2. Decide what you can handle – before you get sucked in by all the adorable puppy eyes you’re about to see, think long and hard about the appropriate age dog for your family or if you are capable of caring for a special needs dog. Puppies are a lot of work, if you don’t have time for potty training and obedience classes you’ll want to consider an older dog. There are plenty of middle aged, vibrant dogs up for adoption as well as many senior dogs that would be a great fit for a family looking for a more subdued dog with lots of love to give.
  3. Learn about the shelters and their adoption policies – It might be easier to start looking at shelters within a certain radius of home but don’t be afraid to venture out to other states as well. Many states have larger populations of adoptable dogs and their shelters are willing to transport pets to suitable adopting families. Some shelters might have requirements for a home visit, a fenced yard or require you to visit the pet multiple times before you commit to adopting. Understand that the shelters are doing their best to place the pets in suitable homes and these requirements are in the best interest of both you and the pet.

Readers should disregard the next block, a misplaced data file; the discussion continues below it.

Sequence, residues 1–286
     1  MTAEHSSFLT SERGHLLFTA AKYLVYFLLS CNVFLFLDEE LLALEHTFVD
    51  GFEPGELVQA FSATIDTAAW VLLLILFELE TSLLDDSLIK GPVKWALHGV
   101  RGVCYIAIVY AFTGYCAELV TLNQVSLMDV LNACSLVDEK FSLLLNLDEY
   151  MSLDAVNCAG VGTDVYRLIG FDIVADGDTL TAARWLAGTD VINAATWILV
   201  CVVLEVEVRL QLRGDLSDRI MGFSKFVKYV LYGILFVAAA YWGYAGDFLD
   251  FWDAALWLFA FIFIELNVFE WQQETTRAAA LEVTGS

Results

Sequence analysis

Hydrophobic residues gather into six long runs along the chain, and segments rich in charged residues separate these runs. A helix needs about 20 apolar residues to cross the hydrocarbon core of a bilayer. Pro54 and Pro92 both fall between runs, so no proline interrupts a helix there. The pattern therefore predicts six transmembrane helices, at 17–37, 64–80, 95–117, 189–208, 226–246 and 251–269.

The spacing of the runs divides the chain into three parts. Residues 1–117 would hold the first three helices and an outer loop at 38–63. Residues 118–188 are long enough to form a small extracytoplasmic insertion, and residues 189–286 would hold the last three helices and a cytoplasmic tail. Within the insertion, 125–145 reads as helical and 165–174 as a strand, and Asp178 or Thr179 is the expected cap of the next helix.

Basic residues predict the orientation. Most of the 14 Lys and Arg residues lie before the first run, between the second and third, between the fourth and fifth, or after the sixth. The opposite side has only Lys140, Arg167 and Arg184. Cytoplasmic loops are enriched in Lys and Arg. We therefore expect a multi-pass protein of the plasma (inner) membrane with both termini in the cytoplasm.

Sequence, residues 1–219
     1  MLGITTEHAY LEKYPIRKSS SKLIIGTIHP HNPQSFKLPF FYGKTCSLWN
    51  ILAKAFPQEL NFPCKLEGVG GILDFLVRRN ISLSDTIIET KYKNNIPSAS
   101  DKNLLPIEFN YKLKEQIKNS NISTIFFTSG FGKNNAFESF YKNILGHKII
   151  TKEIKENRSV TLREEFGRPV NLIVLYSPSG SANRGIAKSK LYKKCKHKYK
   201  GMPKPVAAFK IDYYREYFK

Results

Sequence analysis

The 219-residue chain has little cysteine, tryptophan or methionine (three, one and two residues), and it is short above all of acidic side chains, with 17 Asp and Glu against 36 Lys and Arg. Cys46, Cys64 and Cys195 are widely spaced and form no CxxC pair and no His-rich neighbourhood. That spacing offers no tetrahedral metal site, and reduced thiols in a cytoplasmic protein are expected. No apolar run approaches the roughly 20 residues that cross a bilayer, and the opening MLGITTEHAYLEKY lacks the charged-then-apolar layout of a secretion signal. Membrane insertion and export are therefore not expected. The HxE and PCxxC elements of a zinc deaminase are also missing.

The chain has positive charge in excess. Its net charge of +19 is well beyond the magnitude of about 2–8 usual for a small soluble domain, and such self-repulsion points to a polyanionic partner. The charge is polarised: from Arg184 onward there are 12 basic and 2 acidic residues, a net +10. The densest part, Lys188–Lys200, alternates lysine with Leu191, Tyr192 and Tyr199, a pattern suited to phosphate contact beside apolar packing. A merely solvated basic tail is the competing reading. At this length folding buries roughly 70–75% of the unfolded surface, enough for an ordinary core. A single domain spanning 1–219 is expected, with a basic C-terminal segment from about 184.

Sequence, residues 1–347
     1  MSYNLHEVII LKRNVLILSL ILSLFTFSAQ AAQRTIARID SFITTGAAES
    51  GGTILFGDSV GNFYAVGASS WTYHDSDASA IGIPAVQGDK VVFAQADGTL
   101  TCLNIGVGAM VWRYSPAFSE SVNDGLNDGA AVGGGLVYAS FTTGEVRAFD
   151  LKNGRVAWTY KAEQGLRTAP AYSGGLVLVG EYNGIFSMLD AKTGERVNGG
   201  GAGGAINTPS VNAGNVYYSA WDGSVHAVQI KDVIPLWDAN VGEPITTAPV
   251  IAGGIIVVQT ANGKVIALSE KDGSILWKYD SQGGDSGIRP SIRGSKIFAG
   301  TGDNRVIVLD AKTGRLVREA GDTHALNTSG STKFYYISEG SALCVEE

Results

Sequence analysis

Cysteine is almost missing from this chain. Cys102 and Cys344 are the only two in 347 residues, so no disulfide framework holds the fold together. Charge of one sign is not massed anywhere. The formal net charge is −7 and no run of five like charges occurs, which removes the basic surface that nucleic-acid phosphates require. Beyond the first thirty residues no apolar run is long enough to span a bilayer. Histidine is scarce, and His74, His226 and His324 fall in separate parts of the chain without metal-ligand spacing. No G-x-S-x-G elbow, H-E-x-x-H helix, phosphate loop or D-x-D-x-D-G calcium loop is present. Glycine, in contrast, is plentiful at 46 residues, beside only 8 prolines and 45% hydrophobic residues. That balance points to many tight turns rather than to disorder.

4. Start looking… Once you know what you’re looking for and what to expect you can start your search through thousands of adoptable dogs. PuppyFinder allows you to search by age, breed, location and gender.
  5. Meet in person. Whenever possible it is best to meet the animal in person before agreeing to bring them into your life. Even though photos and descriptions can tell you a bit about a dog, you can’t get a true feeling for the animal until you are able to interact with them and make sure they are a good fit for your entire family, including other pets.